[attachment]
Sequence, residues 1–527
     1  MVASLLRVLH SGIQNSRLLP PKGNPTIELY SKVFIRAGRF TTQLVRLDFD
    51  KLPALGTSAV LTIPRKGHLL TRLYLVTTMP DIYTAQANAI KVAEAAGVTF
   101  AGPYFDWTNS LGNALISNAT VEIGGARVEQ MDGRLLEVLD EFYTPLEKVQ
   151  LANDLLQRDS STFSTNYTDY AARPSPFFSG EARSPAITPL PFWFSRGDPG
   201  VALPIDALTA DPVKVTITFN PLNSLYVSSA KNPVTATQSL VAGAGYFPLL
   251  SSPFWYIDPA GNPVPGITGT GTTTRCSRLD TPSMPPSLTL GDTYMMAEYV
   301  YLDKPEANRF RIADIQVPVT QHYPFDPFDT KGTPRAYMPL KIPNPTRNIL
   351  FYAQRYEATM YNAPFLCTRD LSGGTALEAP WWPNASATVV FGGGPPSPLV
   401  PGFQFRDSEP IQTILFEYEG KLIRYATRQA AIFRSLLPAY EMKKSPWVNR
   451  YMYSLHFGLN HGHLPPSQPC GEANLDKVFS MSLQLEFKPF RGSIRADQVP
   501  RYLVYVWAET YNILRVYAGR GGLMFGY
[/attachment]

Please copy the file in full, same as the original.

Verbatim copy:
Sequence, residues 1–527
     1  MVASLLRVLH SGIQNSRLLP PKGNPTIELY SKVFIRAGRF TTQLVRLDFD
    51  KLPALGTSAV LTIPRKGHLL TRLYLVTTMP DIYTAQANAI KVAEAAGVTF
   101  AGPYFDWTNS LGNALISNAT VEIGGARVEQ MDGRLLEVLD EFYTPLEKVQ
   151  LANDLLQRDS STFSTNYTDY AARPSPFFSG EARSPAITPL PFWFSRGDPG
   201  VALPIDALTA DPVKVTITFN PLNSLYVSSA KNPVTATQSL VAGAGYFPLL
   251  SSPFWYIDPA GNPVPGITGT GTTTRCSRLD TPSMPPSLTL GDTYMMAEYV
   301  YLDKPEANRF RIADIQVPVT QHYPFDPFDT KGTPRAYMPL KIPNPTRNIL
   351  FYAQRYEATM YNAPFLCTRD LSGGTALEAP WWPNASATVV FGGGPPSPLV
   401  PGFQFRDSEP IQTILFEYEG KLIRYATRQA AIFRSLLPAY EMKKSPWVNR
   451  YMYSLHFGLN HGHLPPSQPC GEANLDKVFS MSLQLEFKPF RGSIRADQVP
   501  RYLVYVWAET YNILRVYAGR GGLMFGY